And to be fair to your administration, the New Zealand I returned to last year is a very different country to the one I left in 2002. The place seems so much wealthier than when I left. Not the kind of wealthy where millionaires live in secluded compounds just a few kilometers away from the kind of poverty and hopelessness that made me cry in so many parts of Asia. But a wealth that sees most of our population well fed, mostly healthy and highly educated, and most importantly working in real jobs rather than pretend work in order to receive an unemployment benefit. What I found the most amazing was how many large public infrastructure projects, like spaghetti junction in Auckland, which had been started in the 1970s and left to stagnate in the 1980s and 1990s have been slowly been completed in the past few years thanks to your administration. Likewise you get a thumbs up from ex-expat for concluding a huge number of significant treaty settlements and Free Trade Agreements.
But thing is, I and other voters still want more. The reason we want more is because we didn’t elect you to maintain the status quo, we elected you to build a better society and we know that there is still so much work to be done. I want to know why I’ve spent 18 months being dicked around by the health system for elective surgery I can’t afford to pay for privately and my health insurance policy won’t pay for either. I want to know why broadband in this country is so hideously slow, expensive and in many places non-existent. While we are at it, how come you haven’t gotten around to reforming our heinous abortion laws despite having a supposedly all-powerful women’s caucus?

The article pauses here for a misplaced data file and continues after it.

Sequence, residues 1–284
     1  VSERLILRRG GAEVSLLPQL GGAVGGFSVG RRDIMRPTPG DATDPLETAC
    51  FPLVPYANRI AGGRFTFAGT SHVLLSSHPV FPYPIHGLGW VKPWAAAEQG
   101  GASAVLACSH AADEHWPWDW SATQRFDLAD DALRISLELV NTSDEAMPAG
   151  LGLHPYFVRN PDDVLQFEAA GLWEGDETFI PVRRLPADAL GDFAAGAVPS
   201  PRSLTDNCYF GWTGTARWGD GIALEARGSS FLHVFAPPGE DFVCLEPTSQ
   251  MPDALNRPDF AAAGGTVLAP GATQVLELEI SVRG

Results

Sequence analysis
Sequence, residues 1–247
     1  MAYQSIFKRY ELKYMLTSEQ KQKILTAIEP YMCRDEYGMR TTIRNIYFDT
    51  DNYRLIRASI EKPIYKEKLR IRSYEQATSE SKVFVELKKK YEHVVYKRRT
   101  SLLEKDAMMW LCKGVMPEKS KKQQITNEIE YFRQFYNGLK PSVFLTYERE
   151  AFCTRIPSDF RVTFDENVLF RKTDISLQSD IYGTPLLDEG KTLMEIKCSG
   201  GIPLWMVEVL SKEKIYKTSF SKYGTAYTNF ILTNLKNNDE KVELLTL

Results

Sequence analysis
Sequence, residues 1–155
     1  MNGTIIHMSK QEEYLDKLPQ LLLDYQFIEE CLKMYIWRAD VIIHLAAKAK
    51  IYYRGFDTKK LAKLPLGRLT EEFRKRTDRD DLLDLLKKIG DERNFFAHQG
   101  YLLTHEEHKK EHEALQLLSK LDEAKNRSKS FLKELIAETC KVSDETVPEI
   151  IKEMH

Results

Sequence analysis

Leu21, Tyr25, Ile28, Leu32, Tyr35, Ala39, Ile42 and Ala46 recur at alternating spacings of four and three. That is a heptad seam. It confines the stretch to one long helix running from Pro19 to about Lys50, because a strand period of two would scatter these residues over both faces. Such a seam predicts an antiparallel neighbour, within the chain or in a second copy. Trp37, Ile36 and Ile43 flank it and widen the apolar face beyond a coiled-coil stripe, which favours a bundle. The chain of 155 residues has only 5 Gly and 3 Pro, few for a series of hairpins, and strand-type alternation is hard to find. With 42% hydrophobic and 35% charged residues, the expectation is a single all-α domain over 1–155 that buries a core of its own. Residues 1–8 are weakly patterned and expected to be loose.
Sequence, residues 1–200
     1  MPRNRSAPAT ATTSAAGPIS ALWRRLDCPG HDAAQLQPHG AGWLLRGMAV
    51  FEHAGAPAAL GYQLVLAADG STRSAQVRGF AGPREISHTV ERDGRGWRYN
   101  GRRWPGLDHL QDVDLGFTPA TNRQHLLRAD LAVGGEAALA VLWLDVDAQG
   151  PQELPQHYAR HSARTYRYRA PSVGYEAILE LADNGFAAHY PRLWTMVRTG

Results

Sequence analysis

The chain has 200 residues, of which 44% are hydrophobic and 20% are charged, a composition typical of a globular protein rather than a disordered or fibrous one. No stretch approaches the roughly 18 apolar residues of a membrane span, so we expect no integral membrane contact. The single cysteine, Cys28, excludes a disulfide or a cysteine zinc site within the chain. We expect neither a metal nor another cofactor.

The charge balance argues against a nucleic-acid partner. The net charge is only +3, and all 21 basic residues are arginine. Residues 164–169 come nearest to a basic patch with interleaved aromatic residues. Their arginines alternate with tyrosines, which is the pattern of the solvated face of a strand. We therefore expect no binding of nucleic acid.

Most importantly you started your tenure in office with a vision to use a politically incorrect term, ‘close the gaps’ between various sectors of New Zealand society. Sometime during your term in office you stopped talking about the vision even though you and the people who voted for you still believe in it. And while it has taken you nine years in power for that rich poor gap to close for the first time in twenty years, there are still huge gaps that need to be closed. Perhaps the most gaping is in education where we have a system that fails half of the Maori Boys that go through it. I don’t need to lecture on what happens to those boys later in life. But the thing is, the people who are voting for you need to know that reason we need to put money and new ideas into fixing this problem is not because it is ‘politically correct’ but because it is the correct political principle.
At the moment the other side seems to have large numbers of your voters convinced that tax cuts are the way to go to make their lives better. So much so you that you performed a political harikiri, a tax cut of your own, in order to do so. But as you rightly point out to National, you can’t cut tax without also cutting the government services that will hurt your voters the most. What happened to that vision and connection that filled us with such hope in 1999? I’m not sure about the others, but you lost me when the principle of ‘sustainability’ became the political issue that we were willing to burn so much of our political capital in order to achieve.